Watershed Science Education at Rainbow Reservoir

The Farmington River Watershed Association (FRWA) will be at Camp Shalom in Windsor on Thursday, July 29th for a special science education program for the campers!

FRWA was approached by Camp Shalom last year to discuss the issues of the recent cyanobacteria blooms (aka blue-green algae) on Rainbow Reservoir, which has impacted the water sport activities at the Camp in 2019 and 2020. In response, FRWA applied to and received a CT DEEP Aquatic Invasive Species Grant to study the issue: “Investigating cyanobacteria blooms in Rainbow Reservoir (Farmington River) Windsor, CT to discover causes and evaluate potential remedies.” This summer FRWA has been heading out on a Camp Shalom boat to collect data and sample 5 sites in the reservoir for algae, nutrients, thermal and oxygen status, and sediment physical and chemical features. After the sampling is complete at the end of the summer, data from each sampling day will be analyzed, potential causes identified, and recommendations for action will be proposed. 

Beyond the scientific study, FRWA is excited to be able to show the campers how we conduct the sampling and teach the campers what cyanobacteria is and what causes cyanobacteria blooms. The lesson will be hands-on and we will show the children how we collect water samples, how we check the turbidity of the water, water and air temperature, how nutrients end up in the water, and what it all means – plus we will play the water cycle game! FRWA is providing information for adults to also learn about cyanobacteria blooms:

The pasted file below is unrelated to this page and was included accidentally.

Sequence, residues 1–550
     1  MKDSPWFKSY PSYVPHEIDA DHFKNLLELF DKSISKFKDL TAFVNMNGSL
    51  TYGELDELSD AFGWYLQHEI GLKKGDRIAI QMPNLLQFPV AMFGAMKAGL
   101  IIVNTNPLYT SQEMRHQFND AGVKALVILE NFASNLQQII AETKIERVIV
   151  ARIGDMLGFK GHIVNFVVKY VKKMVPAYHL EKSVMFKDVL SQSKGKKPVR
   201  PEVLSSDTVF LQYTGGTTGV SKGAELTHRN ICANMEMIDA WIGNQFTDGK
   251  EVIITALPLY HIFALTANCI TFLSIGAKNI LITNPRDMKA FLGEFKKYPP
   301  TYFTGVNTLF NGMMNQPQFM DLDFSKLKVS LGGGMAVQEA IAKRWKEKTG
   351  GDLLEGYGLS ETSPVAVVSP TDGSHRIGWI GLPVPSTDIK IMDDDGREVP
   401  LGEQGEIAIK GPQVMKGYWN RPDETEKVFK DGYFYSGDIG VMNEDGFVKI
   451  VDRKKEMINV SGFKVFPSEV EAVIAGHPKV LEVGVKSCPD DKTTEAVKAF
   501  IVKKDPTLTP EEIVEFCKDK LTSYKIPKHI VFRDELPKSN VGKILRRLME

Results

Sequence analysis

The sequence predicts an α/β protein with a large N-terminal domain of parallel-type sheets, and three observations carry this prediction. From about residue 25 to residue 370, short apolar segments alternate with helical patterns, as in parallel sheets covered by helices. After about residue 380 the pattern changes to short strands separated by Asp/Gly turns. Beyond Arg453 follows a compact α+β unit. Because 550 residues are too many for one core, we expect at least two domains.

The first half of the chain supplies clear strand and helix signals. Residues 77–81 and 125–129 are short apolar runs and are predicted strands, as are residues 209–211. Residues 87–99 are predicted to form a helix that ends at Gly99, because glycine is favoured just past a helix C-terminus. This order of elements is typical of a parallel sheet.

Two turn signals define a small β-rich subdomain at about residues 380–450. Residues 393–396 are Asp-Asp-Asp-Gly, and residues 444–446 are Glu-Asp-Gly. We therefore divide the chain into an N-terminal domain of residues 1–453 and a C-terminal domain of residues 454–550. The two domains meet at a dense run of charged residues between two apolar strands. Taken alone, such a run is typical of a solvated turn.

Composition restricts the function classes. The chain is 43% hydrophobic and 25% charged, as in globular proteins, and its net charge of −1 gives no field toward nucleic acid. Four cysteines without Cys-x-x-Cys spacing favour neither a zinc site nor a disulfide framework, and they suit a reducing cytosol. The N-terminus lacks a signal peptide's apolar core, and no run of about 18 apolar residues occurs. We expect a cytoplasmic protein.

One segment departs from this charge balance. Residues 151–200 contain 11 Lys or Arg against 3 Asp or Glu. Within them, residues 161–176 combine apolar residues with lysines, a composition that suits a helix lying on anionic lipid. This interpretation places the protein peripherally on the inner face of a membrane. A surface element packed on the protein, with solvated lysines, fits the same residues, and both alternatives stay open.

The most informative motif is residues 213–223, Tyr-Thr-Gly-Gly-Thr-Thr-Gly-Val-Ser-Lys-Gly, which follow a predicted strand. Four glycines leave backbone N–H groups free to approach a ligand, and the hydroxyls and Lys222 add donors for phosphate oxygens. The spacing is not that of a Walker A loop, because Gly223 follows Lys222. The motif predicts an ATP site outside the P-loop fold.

What is Cyanobacteria?

Cyanobacteria, commonly referred to as blue-green algae, are single-celled microscopic organisms that live in all types of water and use sunlight to produce food. Cyanobacteria blooms occur in slow- moving, warm water, with high levels of phosphorus and nitrogen. Excessive nutrient loading provides conditions for the cyanobacteria to rapidly multiply, causing blooms that can spread across an entire waterbody. These blooms can float up and down the water column and potentially produce toxins. The water may appear cloudy, bright green to dark red, and can be thick like pea soup. Cyanobacteria blooms can also affect the water quality by blocking sunlight and using up oxygen and nutrients that other aquatic organisms need to survive.

How do Cyanobacteria blooms affect me?

There is no clear or easy way to quickly determine if a bloom is toxic, therefore when blooms occur health officials advise people and pets to avoid the water. Cyanobacteria toxins are among the most powerful natural poisons known. Cyanobacteria blooms – due to this risk of cyanotoxins – can harm people, animals, the aquatic ecosystem, drinking water supplies, the economy, property values and recreational activities such as swimming and fishing. Not all cyanobacteria blooms produce toxins, however, about 1 in 5 blooms do. There are potential health risks for swimmers, boaters, pets and wildlife encountering toxins that may be produced by the algae. Pets swimming in waters containing cyanobacteria toxins may become ill or die after drinking or licking themselves. Toxins associated with cyanobacteria have been implicated as the cause of mass mortalities of fish and birds.

How do I report a Cyanobacteria bloom?

Become a citizen scientist and help report cyanobacteria bloom sightings by downloading the bloomWatch app, created by the EPA. Contact your Local Public Health Agency, CT Department of Public Health (860-509-7758), or CT Department of Energy and Environmental Protection (860) 424-3020.

Learn more about cyanobacteria in our presentation, here.